Since I was a little girl I have been told that many of the vitamins  and enzymes, which are important to our health, are destroyed when veggies are cooked, so the thought of food keeping more vitamins, when carefully prepared (or dehydrated)  is very appealing.

Soaked flax seeds, the base of the cracker.

Soaked flax seeds, the base of the cracker.


Flax seed flour. You can do this in a coffee grinder.

Flax seed flour. You can do this in a coffee grinder.

Food that reaches 118F/ 47,8 C is no longer considered raw. Apparently food heated up to more than this temperature loses the majority of its nourishment.

For food to be qualified as raw, the drying temperatures have to be between 105F/41C and 115F/46C.

It is important to remember however that vitamins and enzymes start to decline if stored for more than 9 months. Make sure not to make too much of it in one go – or eat it fast!

One of my absolute favourites in the breakfast buffet at Purple Valley (without forgetting the amazing buckwheat granola – recipe to follow soon…) are the amazing Flax seed crackers.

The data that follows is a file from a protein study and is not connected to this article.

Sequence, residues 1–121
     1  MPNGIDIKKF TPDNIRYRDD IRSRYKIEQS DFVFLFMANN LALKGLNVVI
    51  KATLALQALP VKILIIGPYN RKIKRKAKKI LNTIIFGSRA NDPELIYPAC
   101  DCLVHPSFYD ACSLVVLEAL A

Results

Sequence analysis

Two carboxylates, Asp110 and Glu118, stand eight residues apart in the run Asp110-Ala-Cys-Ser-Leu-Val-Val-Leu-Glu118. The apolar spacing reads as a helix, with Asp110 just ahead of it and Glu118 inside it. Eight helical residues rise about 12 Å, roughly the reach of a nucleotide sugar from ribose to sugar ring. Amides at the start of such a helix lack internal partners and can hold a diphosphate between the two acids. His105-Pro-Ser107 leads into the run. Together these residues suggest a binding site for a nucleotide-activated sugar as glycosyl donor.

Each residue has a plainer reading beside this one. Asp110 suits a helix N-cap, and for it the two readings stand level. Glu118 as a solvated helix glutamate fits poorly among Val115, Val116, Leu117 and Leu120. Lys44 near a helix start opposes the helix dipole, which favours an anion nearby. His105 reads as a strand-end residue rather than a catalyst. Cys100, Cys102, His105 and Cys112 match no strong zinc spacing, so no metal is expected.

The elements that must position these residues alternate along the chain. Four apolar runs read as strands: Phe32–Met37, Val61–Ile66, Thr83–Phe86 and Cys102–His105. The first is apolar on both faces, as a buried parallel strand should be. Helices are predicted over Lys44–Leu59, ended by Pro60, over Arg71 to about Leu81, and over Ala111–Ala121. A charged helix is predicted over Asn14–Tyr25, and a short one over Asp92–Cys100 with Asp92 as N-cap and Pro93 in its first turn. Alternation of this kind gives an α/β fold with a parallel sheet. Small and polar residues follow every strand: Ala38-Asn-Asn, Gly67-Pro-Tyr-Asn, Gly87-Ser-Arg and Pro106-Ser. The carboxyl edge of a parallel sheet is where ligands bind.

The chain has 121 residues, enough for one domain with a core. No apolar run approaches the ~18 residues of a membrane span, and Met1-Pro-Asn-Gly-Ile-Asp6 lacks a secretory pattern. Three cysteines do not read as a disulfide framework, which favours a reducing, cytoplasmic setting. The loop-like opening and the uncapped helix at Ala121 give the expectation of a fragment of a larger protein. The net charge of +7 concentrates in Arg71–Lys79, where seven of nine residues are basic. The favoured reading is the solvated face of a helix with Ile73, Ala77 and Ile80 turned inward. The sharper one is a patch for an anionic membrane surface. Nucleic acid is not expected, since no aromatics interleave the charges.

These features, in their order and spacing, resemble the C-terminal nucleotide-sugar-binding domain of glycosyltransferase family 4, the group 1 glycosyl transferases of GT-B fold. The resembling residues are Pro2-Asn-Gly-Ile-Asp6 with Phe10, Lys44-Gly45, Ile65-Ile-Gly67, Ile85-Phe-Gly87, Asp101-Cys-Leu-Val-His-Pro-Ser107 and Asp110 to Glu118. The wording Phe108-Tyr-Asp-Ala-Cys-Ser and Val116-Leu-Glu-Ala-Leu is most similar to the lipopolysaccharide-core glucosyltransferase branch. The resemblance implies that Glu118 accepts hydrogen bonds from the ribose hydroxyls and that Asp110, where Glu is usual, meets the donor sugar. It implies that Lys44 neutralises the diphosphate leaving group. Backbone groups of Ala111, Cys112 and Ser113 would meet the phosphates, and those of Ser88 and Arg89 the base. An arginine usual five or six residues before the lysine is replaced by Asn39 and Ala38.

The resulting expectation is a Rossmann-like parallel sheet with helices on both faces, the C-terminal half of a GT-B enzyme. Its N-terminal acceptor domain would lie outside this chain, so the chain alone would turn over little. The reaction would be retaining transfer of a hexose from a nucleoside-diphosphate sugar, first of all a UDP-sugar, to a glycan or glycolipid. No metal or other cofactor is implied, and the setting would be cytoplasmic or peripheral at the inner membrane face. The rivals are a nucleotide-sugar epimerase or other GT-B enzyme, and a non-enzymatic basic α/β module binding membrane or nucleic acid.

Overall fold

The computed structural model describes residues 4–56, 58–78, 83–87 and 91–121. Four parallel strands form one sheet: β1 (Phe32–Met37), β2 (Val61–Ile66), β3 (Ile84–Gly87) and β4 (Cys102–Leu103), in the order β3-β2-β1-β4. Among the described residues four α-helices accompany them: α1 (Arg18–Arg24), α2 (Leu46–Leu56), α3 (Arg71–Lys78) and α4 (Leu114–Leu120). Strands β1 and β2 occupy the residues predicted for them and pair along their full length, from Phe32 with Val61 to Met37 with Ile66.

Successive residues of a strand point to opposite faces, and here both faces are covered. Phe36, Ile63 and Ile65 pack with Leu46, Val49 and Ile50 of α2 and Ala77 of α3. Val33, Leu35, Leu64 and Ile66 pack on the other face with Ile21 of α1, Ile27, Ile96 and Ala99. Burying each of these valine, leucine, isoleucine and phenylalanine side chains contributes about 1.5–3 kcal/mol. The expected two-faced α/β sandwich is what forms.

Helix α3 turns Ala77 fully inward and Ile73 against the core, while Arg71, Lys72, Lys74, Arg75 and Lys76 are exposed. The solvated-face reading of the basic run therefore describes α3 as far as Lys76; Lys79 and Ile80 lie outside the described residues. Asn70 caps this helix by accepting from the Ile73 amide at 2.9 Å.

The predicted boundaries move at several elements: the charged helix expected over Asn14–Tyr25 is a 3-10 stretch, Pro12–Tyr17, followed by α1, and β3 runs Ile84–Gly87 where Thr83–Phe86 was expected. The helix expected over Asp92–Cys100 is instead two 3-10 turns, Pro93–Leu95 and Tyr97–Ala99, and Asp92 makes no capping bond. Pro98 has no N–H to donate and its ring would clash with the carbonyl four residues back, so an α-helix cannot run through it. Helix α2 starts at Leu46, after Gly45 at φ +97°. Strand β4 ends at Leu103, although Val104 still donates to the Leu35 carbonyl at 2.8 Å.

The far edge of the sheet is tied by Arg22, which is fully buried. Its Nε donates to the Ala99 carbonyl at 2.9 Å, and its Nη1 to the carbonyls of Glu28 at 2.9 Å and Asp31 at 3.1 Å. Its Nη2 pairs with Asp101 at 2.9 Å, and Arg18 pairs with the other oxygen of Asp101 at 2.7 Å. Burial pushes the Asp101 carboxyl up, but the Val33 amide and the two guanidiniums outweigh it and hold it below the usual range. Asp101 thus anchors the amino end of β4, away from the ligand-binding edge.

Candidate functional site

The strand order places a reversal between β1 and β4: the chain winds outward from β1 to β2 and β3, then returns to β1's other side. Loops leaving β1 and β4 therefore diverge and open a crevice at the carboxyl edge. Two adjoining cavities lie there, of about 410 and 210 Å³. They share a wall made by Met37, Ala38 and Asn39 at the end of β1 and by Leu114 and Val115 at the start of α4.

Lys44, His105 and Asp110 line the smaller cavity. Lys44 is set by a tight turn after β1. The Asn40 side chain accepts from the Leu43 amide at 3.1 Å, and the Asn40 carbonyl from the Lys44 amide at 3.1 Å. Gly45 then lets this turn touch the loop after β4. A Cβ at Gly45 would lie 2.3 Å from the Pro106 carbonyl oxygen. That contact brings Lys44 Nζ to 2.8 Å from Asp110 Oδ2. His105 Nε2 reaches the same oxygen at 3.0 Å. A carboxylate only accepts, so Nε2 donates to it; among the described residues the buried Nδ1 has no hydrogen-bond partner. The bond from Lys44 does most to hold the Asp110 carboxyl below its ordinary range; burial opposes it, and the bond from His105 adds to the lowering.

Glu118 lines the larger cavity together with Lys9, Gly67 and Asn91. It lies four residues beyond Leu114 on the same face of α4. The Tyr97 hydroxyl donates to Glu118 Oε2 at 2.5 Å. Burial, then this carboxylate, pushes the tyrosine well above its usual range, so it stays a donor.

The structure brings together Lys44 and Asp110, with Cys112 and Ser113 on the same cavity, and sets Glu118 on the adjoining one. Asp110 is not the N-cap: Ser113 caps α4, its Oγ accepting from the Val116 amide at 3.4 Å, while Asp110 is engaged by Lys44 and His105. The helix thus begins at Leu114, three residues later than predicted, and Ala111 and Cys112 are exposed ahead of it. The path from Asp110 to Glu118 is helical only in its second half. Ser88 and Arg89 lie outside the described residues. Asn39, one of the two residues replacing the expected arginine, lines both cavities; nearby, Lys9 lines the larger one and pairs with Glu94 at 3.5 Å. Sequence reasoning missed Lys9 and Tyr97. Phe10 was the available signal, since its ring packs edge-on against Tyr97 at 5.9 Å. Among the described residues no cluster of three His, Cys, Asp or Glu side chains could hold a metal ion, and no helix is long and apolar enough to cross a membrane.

To make the crackers we have used a dehydrator, which comes with paraflex sheets. It is possible to use an oven: you will have to spread the batter on  a non stick oven ready pan or container. Put the oven on the lowest setting possible, as well use the fan ( if there is one) to make the air circulate. The drying time will reduce to as little as half of the dehydrator time. Using an oven might change the product, so it is not fully 100% raw.

More information on ways to dehydrate food:

Flax Seed Crackers – made in dehydrator

3 (Small) trays of crackers

2 cups – grated beets/carrots mix (or other vegetable)
1 teaspoon – garlic powder
1 teaspoon – onion powder
3 teaspoon – sweet paprika powder
2 teaspoon – sea salt
1 teaspoon – lemon juice

1/2 cup fresh herbs

1 cup flax meal
1 cup flax seeds – soaked 8 to 12 hours

Mix all together.
Spread batter on paraflex sheet on trays using a spatula.
Spread evenly over the tray from edge to edge.
Score the crackers.
Dehydrate at 105F for 12 hours, or until dry enough to flip.
Flip over and remove paraflex sheet, and continue to dehydrate for 12-24 hours until dry.

Spreading the batter.

Spreading the batter.

2014-01-16 08.24.14

Flax seed crackers, ready to be eaten.

Good luck with the dehydrating 🙂